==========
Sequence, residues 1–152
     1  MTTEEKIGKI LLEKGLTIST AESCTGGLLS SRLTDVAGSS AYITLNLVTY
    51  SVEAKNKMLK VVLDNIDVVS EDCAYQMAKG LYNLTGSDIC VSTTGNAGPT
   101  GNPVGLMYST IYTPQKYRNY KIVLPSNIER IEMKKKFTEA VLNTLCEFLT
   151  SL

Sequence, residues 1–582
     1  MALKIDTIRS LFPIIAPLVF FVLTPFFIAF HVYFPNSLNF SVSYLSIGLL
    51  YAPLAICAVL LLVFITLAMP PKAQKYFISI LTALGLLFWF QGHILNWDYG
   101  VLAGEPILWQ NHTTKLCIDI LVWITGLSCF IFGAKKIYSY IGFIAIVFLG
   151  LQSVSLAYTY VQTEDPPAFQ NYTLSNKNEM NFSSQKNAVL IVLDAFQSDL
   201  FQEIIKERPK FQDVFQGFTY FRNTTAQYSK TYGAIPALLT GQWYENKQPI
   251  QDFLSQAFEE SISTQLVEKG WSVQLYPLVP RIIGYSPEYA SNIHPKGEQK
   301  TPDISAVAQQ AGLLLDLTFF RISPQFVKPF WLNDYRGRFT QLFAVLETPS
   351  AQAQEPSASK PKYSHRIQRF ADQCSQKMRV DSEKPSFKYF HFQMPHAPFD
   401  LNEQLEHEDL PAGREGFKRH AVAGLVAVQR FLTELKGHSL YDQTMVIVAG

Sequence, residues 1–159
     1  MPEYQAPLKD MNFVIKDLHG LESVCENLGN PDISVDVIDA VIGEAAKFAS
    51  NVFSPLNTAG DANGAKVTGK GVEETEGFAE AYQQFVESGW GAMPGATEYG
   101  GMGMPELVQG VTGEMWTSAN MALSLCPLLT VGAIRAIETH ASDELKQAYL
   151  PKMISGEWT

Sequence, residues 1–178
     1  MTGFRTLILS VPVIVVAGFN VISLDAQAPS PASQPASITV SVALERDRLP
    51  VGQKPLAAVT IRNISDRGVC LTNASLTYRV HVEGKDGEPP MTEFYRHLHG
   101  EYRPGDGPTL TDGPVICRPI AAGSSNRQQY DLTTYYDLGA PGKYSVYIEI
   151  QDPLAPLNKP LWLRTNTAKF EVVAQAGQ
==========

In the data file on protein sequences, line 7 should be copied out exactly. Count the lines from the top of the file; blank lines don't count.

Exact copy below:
     1  MALKIDTIRS LFPIIAPLVF FVLTPFFIAF HVYFPNSLNF SVSYLSIGLL